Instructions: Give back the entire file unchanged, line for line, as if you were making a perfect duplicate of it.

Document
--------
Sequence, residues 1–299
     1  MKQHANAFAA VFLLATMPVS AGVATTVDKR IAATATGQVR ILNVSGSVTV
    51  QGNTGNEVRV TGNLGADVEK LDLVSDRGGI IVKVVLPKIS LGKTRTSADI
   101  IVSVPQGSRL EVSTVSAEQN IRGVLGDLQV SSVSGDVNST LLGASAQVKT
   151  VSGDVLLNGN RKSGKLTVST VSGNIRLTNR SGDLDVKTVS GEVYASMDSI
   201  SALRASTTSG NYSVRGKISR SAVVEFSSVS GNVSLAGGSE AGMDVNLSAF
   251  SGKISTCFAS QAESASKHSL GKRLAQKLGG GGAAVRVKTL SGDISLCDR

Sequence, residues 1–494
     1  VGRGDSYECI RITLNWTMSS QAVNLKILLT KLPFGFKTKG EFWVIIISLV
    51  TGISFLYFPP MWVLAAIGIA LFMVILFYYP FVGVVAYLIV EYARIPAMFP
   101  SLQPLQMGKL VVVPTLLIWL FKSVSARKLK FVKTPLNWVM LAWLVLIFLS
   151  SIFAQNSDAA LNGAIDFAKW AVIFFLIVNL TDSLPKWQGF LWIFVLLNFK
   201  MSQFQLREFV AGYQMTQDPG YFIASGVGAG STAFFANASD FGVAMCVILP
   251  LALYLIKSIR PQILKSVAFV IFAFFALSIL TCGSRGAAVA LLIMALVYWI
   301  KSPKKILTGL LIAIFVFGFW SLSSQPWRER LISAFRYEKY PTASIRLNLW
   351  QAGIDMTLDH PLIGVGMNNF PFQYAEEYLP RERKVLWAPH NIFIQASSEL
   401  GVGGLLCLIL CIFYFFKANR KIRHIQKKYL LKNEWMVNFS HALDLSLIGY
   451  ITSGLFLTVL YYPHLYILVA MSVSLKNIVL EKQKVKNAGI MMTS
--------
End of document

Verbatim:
Sequence, residues 1–299
     1  MKQHANAFAA VFLLATMPVS AGVATTVDKR IAATATGQVR ILNVSGSVTV
    51  QGNTGNEVRV TGNLGADVEK LDLVSDRGGI IVKVVLPKIS LGKTRTSADI
   101  IVSVPQGSRL EVSTVSAEQN IRGVLGDLQV SSVSGDVNST LLGASAQVKT
   151  VSGDVLLNGN RKSGKLTVST VSGNIRLTNR SGDLDVKTVS GEVYASMDSI
   201  SALRASTTSG NYSVRGKISR SAVVEFSSVS GNVSLAGGSE AGMDVNLSAF
   251  SGKISTCFAS QAESASKHSL GKRLAQKLGG GGAAVRVKTL SGDISLCDR

Sequence, residues 1–494
     1  VGRGDSYECI RITLNWTMSS QAVNLKILLT KLPFGFKTKG EFWVIIISLV
    51  TGISFLYFPP MWVLAAIGIA LFMVILFYYP FVGVVAYLIV EYARIPAMFP
   101  SLQPLQMGKL VVVPTLLIWL FKSVSARKLK FVKTPLNWVM LAWLVLIFLS
   151  SIFAQNSDAA LNGAIDFAKW AVIFFLIVNL TDSLPKWQGF LWIFVLLNFK
   201  MSQFQLREFV AGYQMTQDPG YFIASGVGAG STAFFANASD FGVAMCVILP
   251  LALYLIKSIR PQILKSVAFV IFAFFALSIL TCGSRGAAVA LLIMALVYWI
   301  KSPKKILTGL LIAIFVFGFW SLSSQPWRER LISAFRYEKY PTASIRLNLW
   351  QAGIDMTLDH PLIGVGMNNF PFQYAEEYLP RERKVLWAPH NIFIQASSEL
   401  GVGGLLCLIL CIFYFFKANR KIRHIQKKYL LKNEWMVNFS HALDLSLIGY
   451  ITSGLFLTVL YYPHLYILVA MSVSLKNIVL EKQKVKNAGI MMTS